HBO and our partner Elastic TV wowed a crowd of dedicated Game of Throne fans during one of the most popular panels of the week at SXSW.
How do you come up with campaign content that holds the attention of “the world’s most deeply immersed fans” for 30 seconds, much less the 5-month-long dark winter between seasons?
How about by taking away the one thing they want most: time to make sense out of the jumbled visions central to the show (#TheSight)?
HBO’s team was willing to risk it. Ominous visions appeared on fan’s phones without warning and disappeared at the end of a single play.
Marketing or Unmarketing?
People disagreed wildly on what they had seen. Would ephemeral visions designed to excite fans just anger them? Or would pushing (negative) buttons increase virality? The latter, in theory.
“People express a lot of hate for Game of Thrones, but it just means they love it that much more,” Jim Marsh, HBO’s Director of Digital & Social Media told the packed Four Seasons ballroom.
But this wasn’t marketing as usually defined. Jim was prepared for the worst. He knew it was important to measure and understand the impact, good or bad.
Melissa Eccles, Creative Director, Immersive Entertainment for Elastic, brought in Bottlenose to measure where the edge of edgy began, peaked, and, quite possibly, drove off a cliff.
The Goal: Authentic and Immersive
Seers on the show can’t pause and replay their jumbled visions. Neither could fans lured into the campaign.
As Melissa shared via our visualizations, Nerve Center® articulated the psychographics of the social bloom of discussion and sharing. At the early staggered releases, shock reigned. But soon audience uploads matched HBO’s haphazard style of distribution.
Fans were quick to figure out it was actually visions, plural, and then they were gone.
Did the Risk Pay Off?
To learn the outcome required new metrics.
“It’s not about how many tweets or volume,” Melissa told the crowd. “It’s about how well you did making the emotional connection that tips people into an immersive state.”
“As you innovate new things, the way you measure needs to evolve.” Jim agreed.
“We used tools from Bottlenose,” Melissa said. Nerve Center proved that the risk paid big dividends.
Adam Blumenfeld, the Bottlenose Director of Client Digital Strategies who ran the project for us, was modest about the achievement. “It’s easy,” he said, “when you can map real human behavior and emotion.”
On Tuesday afternoon at SXSW this week, Bottlenose CEO Nova Spivack will moderate a panel discussion on the State of the Union of A.I. He’s brought together some of the leading pioneers, thinkers and entrepreneurs in the Artificial Intelligence space to discuss where the technology currently stands, what challenges it still faces, and how it will continue to develop over the next few years.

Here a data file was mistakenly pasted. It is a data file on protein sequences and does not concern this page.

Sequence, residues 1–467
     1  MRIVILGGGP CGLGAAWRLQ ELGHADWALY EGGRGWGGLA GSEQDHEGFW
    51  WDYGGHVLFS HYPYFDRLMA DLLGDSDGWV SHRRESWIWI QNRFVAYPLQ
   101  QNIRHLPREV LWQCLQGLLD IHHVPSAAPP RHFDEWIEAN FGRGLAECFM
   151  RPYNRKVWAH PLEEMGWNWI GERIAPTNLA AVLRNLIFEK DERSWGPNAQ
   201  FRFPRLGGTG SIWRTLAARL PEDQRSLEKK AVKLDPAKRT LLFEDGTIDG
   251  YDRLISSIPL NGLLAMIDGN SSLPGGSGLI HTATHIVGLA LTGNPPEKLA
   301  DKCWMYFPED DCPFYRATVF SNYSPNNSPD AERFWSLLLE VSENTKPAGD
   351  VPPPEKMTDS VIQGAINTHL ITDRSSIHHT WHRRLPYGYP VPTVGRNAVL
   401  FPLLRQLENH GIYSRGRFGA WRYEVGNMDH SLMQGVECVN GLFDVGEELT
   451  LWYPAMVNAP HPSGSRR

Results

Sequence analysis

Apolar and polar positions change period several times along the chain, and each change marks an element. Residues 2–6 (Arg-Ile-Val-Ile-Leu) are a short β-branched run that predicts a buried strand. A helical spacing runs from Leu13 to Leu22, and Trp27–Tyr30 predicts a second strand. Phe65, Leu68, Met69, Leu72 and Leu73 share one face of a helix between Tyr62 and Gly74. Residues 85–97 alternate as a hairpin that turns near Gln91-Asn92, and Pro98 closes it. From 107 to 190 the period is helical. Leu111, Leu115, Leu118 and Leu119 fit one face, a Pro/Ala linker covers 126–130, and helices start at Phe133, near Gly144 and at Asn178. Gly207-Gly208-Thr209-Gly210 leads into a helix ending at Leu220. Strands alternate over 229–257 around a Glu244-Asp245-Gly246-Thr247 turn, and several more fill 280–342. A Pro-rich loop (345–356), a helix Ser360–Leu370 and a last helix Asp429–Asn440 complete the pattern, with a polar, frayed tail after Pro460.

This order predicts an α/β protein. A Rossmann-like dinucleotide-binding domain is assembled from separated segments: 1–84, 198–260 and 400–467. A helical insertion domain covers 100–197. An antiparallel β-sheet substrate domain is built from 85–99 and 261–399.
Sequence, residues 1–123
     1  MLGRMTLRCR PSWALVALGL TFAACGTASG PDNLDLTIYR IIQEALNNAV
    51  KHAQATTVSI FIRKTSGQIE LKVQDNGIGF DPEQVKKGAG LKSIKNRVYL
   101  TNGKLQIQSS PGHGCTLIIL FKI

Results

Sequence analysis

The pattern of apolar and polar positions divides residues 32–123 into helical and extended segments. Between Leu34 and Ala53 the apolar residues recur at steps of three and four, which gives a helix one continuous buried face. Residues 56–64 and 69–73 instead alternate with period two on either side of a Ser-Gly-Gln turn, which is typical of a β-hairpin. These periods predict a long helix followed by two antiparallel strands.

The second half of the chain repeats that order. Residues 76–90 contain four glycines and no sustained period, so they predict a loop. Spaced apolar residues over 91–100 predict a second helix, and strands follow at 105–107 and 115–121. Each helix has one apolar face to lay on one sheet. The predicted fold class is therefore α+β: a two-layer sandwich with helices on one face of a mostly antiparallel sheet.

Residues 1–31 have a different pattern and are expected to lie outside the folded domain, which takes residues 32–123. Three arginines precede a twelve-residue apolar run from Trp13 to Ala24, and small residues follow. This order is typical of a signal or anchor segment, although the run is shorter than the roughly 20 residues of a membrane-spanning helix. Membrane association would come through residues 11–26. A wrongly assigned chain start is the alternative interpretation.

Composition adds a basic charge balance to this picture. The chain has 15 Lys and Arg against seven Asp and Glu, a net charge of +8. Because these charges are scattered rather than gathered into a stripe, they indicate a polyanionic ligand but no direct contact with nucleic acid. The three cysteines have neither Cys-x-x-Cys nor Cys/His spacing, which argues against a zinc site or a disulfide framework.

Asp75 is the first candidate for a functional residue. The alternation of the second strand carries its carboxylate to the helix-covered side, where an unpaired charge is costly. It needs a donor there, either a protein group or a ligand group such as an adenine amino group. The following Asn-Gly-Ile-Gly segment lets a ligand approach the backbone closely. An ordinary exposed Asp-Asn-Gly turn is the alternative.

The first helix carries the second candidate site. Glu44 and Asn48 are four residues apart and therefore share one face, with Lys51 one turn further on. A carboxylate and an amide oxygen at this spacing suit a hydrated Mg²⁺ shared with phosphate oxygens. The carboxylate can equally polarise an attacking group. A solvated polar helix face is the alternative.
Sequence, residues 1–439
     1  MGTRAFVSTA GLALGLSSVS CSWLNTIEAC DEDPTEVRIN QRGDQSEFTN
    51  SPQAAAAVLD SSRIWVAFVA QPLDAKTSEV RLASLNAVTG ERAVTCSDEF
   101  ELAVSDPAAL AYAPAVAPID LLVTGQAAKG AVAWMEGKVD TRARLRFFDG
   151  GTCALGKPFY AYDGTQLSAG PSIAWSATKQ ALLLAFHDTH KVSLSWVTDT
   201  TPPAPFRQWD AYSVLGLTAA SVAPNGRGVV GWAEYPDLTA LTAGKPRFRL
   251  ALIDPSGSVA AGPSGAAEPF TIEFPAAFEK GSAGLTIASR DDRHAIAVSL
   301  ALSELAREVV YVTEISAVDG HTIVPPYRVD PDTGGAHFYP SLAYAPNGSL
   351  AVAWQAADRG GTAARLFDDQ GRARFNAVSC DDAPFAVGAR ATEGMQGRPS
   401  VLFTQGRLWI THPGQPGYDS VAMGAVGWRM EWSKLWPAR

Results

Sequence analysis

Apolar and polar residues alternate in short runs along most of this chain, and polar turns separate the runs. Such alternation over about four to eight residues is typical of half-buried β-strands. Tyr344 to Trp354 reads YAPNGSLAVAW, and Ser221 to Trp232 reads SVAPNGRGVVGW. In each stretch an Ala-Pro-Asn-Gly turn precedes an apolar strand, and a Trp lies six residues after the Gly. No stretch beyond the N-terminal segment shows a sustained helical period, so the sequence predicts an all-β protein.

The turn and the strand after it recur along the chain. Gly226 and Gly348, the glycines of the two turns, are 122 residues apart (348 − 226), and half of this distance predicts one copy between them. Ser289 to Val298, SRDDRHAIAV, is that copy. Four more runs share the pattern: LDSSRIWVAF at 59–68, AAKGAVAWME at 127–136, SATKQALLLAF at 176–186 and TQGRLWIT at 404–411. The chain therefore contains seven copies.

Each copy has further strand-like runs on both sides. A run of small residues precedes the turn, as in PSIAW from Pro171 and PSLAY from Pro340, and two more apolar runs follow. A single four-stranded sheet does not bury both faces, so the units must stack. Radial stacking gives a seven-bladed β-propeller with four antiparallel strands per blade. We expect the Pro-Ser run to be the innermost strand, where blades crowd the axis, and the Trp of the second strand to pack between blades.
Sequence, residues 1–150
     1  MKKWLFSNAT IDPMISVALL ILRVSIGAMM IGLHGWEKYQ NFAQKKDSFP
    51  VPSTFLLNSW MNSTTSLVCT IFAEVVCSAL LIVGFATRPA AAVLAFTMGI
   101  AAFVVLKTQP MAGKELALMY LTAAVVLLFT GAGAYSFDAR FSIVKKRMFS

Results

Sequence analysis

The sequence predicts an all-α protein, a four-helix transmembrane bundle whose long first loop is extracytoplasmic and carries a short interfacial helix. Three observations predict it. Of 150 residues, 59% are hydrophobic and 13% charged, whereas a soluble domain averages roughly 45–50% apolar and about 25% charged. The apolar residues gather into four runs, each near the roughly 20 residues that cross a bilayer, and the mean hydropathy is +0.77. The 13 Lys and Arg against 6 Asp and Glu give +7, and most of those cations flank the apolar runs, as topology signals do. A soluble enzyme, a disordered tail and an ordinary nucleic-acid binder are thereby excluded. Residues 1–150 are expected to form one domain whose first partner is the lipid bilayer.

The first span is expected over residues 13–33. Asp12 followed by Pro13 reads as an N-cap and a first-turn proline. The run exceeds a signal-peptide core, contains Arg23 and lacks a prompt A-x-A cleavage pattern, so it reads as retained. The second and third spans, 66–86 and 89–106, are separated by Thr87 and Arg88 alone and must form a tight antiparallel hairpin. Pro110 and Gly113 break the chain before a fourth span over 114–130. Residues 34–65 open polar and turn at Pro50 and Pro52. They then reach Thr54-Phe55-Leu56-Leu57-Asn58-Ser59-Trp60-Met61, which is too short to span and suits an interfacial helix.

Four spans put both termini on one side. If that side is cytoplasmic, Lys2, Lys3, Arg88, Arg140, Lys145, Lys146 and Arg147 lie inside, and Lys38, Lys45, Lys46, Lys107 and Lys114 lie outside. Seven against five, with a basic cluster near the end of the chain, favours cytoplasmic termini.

Joining Nova on the panel are Fred Brown, founder and CEO of Next IT; Doug Lenat, President and CEO of Cycorp; and Monica Anderson, CTO of Sensai. We’re excited to have such a broad range of expertise and experience, and expect the discussion to be lively and far reaching.
If you are attending SXSW, we would love to have you join us. You have to RSVP for the panel, as SXSW is expecting a large crowd with limited space. With that in mind, we wanted to open up the discussion for your input. We have asked a number of additional experts working in various facets of A.I. development and theory for their thoughts on the biggest challenges and opportunities currently facing the technology. We’ll be sharing these over twitter throughout the weekend leading up to the panel, and encourage you to join in the discussion.
Follow us and join in the conversation with the hashtags #sxsw #stateunion, and be sure to RSVP to continue the discussion at SXSW this Tuesday.
Coming off a huge year in venture capital investing, the bar is high. But Bottlenose earns a spot on Network World’s running timeline of investments in cloud, security, mobile, big data and other startups of interest to enterprise IT pros.
TechCrunch reported on a Series B funding round and Bottlenose’s growing capabilities in enterprise stream data analytics:
“where data needs to be analyzed in real-time, because time is a key advantage … things like financial services, trading, real-time ad buying, or even fending off attacks.”
Read the full story on TechCrunch.